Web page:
10:53′ 11/07/2006 (GMT+7)

Soạn: AM 832175 gi đến 996 để nhn ảnh này
Ms Kim Dinh (black, standing).

VietNamNet With her Shop Vietnam, where the Vietnamese traditional dresses of

Ao Dai are on sale, in a 51 storey-building of Sumitomo Group in Shinuku Center, Tokyo, Tong Thi Kim Dinh helps to honor Ao Dai in one of the largest and most modern cities in the world.

Born in the ancient capital of Hue, Dinh, now 45, came to Japan with her husband after graduating Hue Medical University in 1987.

Living in Japan, she always wished that one day Ao Dai would be presented in Tokyo and Shop Vietnam was a dream that she pursued for more than ten years.

 

After founding Shop Vietnam in 1997, she came back to her homeland to set up a garment workshop. She designed Ao Dai by herself and chose fabric and colors based on her own standards and Japanese people’s tastes.

The first samples of Ao Dai, which were made meticulously, did not attract Japanese women. They did not have much time to pay many visits to the shop to have an Ao Dai tailored for them with their own choices of fabric or design.

 

The solution to have an Ao Dai made with on ly one visit to the shop is the ready-to-wear products.

 

She had to use knowledge of anatomy to work out the standard measurements for “made in Shop Vietnam” Ao Dai to suit Japanese women of different sizes.

Today, hand-embroidered or hand-painted Ao Dai are offered in different sizes and designs to appeal to any visitor to the shop. And famous singer Anna Saeki once came to the shop and bought sets of Ao Dai for her performance.

 

Shop Vietnam gradually became famous in Japan with the special fashion products of Ao Dai. After a fashion show at the Vietnamese Music Festival in Shiganawa, Tokyo in 2000, the Japanese mass media and well-known TV stations of NHK, TBS, Asahi, and Tokyo praised the Vietnamese traditional dress of Ao Dai in Shop Vietnam.

 

Ms Kim Dinh was invited by Ashi Karucha, an organization for Japanese women, to talk about the Vietnamese Ao Dai in February 2005.

 

Besides, Shop Vietnam was also invited to the Asian Party Dress Fair, one of the large brand promotional programs of Seibu Tokyo Commercial Center in February 2002, which was a milestone for the development of Shop Vietnam as Ao Dai was introduced for the first time to the well-off Japanese.

 

Now, Shop Vietnam’s Ao Dai, also known as Sivini, becomes a familiar brand in Japan. About 90 percent of its customers are Japanese, and the rest are westerners.

 

To Kim Dinh, Ao Dai is a work of arts, not just a product. And Shop Vietnam owns its success to the contribution of the workers in Vietnam. Toghether, they have helped honore Ao Dai in the world.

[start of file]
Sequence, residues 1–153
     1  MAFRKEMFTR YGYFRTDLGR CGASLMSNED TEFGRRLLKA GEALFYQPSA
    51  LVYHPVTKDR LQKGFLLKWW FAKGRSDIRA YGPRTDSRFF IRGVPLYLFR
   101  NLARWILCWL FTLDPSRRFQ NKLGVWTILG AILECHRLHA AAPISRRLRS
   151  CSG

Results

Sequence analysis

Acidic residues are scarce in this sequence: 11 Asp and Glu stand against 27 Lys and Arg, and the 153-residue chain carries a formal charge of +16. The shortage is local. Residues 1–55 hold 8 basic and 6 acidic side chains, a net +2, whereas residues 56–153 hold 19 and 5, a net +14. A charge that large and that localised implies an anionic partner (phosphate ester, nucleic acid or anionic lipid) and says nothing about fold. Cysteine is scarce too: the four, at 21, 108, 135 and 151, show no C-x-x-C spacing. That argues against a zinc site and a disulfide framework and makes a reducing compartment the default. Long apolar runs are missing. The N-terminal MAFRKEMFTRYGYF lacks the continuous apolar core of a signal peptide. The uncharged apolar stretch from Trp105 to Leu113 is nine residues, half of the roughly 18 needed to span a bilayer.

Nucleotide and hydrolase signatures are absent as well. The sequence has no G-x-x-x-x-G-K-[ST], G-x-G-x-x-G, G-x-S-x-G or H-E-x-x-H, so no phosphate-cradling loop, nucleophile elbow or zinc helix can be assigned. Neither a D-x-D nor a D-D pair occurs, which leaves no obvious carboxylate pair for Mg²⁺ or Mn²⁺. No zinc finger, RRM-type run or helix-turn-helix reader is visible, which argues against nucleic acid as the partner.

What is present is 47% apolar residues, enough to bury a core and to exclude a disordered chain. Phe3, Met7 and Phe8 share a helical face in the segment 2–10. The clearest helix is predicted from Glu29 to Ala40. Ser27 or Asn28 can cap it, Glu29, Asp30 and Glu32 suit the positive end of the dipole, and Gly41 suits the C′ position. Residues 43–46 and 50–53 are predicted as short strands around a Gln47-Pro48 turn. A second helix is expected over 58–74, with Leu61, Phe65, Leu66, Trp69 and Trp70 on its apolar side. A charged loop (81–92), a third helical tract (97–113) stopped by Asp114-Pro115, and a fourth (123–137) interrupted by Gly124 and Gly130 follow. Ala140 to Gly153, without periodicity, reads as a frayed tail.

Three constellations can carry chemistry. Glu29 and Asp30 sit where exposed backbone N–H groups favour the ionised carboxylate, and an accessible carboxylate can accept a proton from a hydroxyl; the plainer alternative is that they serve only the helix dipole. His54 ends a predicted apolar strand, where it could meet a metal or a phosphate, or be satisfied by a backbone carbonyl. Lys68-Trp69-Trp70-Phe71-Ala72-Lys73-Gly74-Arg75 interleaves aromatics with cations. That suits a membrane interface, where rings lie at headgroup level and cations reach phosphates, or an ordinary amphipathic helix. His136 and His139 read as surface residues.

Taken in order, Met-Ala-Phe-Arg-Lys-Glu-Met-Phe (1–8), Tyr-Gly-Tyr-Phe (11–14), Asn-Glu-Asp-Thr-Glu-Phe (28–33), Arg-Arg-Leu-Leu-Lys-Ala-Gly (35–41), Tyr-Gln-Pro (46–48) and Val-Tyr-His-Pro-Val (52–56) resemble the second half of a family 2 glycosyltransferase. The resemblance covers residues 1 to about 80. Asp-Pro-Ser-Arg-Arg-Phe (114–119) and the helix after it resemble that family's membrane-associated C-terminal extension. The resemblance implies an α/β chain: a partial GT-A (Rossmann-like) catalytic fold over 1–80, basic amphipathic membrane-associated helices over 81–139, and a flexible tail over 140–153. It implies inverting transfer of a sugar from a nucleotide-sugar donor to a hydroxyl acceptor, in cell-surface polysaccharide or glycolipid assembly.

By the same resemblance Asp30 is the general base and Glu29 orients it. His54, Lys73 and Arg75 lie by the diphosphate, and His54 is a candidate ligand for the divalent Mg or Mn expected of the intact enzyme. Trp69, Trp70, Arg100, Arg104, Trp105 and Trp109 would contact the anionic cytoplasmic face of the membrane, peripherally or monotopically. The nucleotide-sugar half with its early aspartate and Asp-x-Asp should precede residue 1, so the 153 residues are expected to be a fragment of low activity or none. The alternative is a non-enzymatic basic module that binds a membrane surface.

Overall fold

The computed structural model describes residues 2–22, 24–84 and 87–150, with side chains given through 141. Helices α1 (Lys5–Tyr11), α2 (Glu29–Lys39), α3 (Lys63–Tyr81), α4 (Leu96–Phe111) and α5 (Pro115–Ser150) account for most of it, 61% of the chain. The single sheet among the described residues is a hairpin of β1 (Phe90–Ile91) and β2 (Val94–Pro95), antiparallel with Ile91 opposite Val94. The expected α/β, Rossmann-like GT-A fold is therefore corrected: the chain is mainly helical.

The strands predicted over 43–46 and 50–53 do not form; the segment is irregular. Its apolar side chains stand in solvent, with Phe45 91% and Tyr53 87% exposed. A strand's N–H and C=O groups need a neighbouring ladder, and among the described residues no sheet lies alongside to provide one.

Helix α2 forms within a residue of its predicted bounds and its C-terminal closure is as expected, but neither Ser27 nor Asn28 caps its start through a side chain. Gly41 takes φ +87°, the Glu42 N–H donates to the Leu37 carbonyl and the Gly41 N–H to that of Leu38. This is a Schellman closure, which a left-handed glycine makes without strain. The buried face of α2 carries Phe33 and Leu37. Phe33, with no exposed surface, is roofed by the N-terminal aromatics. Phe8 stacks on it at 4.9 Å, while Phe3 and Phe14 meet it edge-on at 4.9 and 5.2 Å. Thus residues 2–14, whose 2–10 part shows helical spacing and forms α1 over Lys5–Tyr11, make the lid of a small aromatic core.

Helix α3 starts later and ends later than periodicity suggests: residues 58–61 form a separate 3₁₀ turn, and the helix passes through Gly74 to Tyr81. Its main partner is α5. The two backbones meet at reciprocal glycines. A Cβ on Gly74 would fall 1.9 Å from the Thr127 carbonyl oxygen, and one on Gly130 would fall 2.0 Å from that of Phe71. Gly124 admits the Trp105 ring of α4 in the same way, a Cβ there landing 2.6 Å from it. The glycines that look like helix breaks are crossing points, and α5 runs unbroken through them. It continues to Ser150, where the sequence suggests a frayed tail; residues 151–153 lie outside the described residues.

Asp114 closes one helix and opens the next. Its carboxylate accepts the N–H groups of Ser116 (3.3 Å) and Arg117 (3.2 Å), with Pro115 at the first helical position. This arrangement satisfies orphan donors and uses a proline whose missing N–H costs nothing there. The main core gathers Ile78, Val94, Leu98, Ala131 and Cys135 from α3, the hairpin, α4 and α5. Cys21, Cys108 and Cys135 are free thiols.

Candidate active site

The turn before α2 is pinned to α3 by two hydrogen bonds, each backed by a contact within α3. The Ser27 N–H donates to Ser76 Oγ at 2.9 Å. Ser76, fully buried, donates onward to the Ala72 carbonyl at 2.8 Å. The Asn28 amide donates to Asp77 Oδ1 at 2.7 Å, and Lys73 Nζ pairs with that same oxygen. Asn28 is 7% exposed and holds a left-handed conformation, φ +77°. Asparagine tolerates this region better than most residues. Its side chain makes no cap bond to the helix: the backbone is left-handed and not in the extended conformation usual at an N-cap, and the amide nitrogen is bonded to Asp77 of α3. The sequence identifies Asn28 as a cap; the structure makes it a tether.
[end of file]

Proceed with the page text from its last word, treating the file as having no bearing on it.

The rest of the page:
(Source: SGGP, TT)

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Japanese ambassador Hattori Norio signed an agreement Thursday with Vietnam’s Deputy Minister of Education Tran Van Nhung granting ¥1.4billion (US$12 million) for education in Vietnam.

Half of the package will be used as scholarship funds for Vietnamese post-graduate candidates in Japan.

The other half will be used to build 140 classrooms in northern mountainous Tuyen Quang and Phu Tho provinces.

Reported by X.Q. – Translated by Thanh Tuan

 
16:43' 23/06/2006 (GMT+7)

VietNamNet – Japan-Vietnam Goodwill Ambassador Sugi Ryotaro on June 22 handed cameras worth US$15,600 from the Japanese government to the Ministry of Education and Training in support of a film-making contest for local students.

The contest, to be held in Hanoi as an initiative by the Goodwill Ambassador following his visit to Vietnam in October, 2005, aims to promote local secondary students' independent creativeness in the process of making films.

Mr Sugi Ryotaro expressed hope that the contest in Ha Noi will be a success so that a similar event can be held at national scale and even at the Asian level.

"I made my decision that Vietnam is the right place for my initiative," said the ambassador at the ceremony, "because I always believe that the country is my second homeland".

The competition, part of cultural cooperation and exchange between Vietnam and Japan, will help to further foster bilateral ties between the two countries in general and their cultural cooperation in particular, said Japanese Ambassador to Vietnam Hattori Norio.

   06/07/2006 — 21:26(GMT+7)
 

Ha Noi (VNA) -The Viet Nam Academy of Social Sciences (VASS) has presented an insignia to Prof. Kaneko Kazushige, President of the Institute of Asian Ethno-Forms and Culture, for his contributions to promoting the Vietnamese culture to the world and boosting cultural exchange between Viet Nam and the region.

The insignia "For the Cause of Social Sciences" was granted to Prof. Kazushige, who is also President of Asian School of Japan, by VASS President Prof. Do Hoai Nam in Ha Noi on June 7.

An ethnology expert, Prof. Kazushige has conducted research into Vietnamese culture for nearly 30 years. He has visited various Vietnamese cities and provinces to collect ethnological objects.

On this occasion, Prof. Kazushige presented 560 ethnological objects from 28 Asian countries to the Viet Nam Museum of Ethnology.

These objects, including Japanese prayer books, pottery plates and altars, Indian puppets, Korean clothes and paintings, and Cambodian knitwear, will be displayed in the Kaneko Kazushige Room at the Museum's Southeast Asia House, which will be inaugurated in 2008.-Enditem